Nobody can accuse these companies of thinking short-term.
Along with its third quarter earnings report on October 7 PepsiCo (PEP) announced that it was creating a new Global Nutrition Group “to deliver breakthrough innovation in the areas of fruits and vegetables, grains, dairy, and functional nutrition. The goal is to grow PepsiCo’s nutrition business from $10 billion in revenue now to $30 billion by 2020.
A few days before, on September 27, Nestle (NSRGY) announced that would create Nestle Health Science, a wholly-owned subsidiary that will incorporate company’s existing healthcare nutrition business, and the Nestle Institute of Health Sciences that will conduct research into nutritional strategies for improving health and longevity. Nestle said it will invest hundreds of millions of Swiss francs in the institute over the next decade.
There’s that 10-year thing again.
I don’t know exactly what to call this trend, but it’s big. Food companies such as PepsiCo and Nestle, and drug companies such as Abbott Laboratories (ABT) and Bristol-Myers Squibb (BMY) are all targeting it.
This has traditionally been called the “nutritionals” market. But that doesn’t seem adequate anymore.
The old name better fits the days of nutritional supplements being sold through health food stores or products designed to supply nutrition in a liquid, powder, or concentrated form to the old (Ensure) or the very young (Similac).
The new market, and I think it’s still in the early stages of taking shape, has been termed the “nutriceuticals” market to emphasize the greater degree of interaction between the processed food and drug industries, and the ramping up of spending on designing specific nutritional enhancements into traditional foods or food products.
You can see that evolution in PepsiCo’s Tropicana orange juice line which has gone from advertising the health benefits of orange juice to enhancing those benefits by adding extra vitamin C to adding vitamin D to adding calcium to the citation of the Tropicana brand by PepsiCo CEO Indra Nooyi as one of the company’s stable of products that fits with the Global Nutrition Group strategy.
The fact that the definition of the market is a little fuzzy hasn’t prevented market research groups from projecting the size of the market. Does the market include what are called functional foods, for instance? (A functional food is any food aimed to have a health-promoting or disease-preventing property beyond supplying nutrients. It includes such things as vitamin enriched Froot Loops and yogurts with live cultures.) How about organic foods? Some organics? All organics? Only processed organics?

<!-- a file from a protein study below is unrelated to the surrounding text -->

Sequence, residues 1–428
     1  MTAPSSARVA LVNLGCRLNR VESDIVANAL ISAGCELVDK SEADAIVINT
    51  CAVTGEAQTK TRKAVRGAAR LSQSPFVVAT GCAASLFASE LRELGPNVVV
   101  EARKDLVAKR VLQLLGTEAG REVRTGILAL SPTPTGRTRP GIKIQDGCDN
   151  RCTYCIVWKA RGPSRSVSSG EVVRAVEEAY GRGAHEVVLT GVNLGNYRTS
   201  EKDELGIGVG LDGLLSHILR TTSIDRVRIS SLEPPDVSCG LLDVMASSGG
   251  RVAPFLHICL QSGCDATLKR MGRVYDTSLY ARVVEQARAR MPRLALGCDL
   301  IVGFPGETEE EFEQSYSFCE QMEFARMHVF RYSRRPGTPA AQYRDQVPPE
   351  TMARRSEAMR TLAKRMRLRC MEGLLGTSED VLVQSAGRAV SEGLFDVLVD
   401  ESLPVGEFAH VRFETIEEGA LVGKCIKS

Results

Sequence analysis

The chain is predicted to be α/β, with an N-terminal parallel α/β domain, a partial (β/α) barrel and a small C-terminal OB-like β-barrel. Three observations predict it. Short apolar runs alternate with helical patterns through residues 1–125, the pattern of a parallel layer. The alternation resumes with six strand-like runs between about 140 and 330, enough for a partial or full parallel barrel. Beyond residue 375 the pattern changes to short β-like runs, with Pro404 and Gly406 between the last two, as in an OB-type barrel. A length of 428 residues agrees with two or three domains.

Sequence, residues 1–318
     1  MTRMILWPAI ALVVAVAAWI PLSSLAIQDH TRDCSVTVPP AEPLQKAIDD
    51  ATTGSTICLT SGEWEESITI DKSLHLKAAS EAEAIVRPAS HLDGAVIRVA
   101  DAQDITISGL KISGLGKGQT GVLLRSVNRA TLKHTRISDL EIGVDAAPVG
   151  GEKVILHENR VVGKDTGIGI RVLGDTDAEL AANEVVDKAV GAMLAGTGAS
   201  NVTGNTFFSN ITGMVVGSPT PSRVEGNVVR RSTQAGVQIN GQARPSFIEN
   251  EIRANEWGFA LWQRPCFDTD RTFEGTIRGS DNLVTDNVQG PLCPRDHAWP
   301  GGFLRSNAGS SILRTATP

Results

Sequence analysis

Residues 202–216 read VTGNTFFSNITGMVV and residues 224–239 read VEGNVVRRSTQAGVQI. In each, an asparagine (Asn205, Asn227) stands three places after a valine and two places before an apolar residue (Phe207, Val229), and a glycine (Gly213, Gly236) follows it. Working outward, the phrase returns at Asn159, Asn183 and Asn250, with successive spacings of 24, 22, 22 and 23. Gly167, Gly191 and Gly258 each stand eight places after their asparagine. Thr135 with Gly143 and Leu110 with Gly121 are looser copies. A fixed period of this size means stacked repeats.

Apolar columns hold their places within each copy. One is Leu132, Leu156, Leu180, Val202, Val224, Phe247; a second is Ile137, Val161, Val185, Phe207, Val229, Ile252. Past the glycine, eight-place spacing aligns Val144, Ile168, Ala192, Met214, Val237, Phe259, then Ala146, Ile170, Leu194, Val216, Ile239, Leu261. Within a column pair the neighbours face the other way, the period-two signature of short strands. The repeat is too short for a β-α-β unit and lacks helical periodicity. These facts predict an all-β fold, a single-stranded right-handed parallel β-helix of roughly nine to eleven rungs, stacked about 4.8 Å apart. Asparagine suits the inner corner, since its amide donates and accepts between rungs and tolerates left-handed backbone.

With all those caveats, here are some projections of future market sizes. Global Industry Analysts, projects that the global nutriceuticals market will exceed $243 billion by 2015. (That doesn’t seem totally outrageous if PepsiCo is saying that it can grow its nutrition business to $30 billion in revenue by 2020). BCC Research estimates that the global market for functional food will reach $177 billion by 2013. Compound annual growth will average 7.4%. What’s especially intriguing about that research is BCC’s projections that the traditional supplement sector will be the slowest growing part of the market (at a 3.8% compound average annual grow rate) and that the functional beverage sector will be the fastest growing at a 10.8% compound average annual growth rate.
So how do you invest in this growing market, whatever it’s called?
I think you’ve got three alternatives.
First, you can go with the food companies that are building out their nutritional businesses. The strengths here:
1) marketing clout—think the company that created the Nescafe franchise or the owner of Frito Lay can get shelf-space for their product
2) experience with mass consumer marketing—which would you rather bet on to push product to a mass consumer market, the industry that brought you the Cialis bathtub on the beach or the industry that has brainwashed generations of children into being cuckoo for Cocoa Puffs. (The cereal has been around since 1958, by the way. And the cuckoo in the ads is named “Sonny,” just in case you were wondering, and he was originally voiced by Chuck McCann.)
3) the belief that it’s important to tailor products for individual markets, a commitment to that strategy, and increasing expertise in doing that, especially in emerging economies
Second, you can go with the drug companies that have major nutritional businesses now. The strengths here:
1) experience in creating drugs and medical devices
2) experience in marketing through the medical community and sales forces that are adept at selling to patients through doctors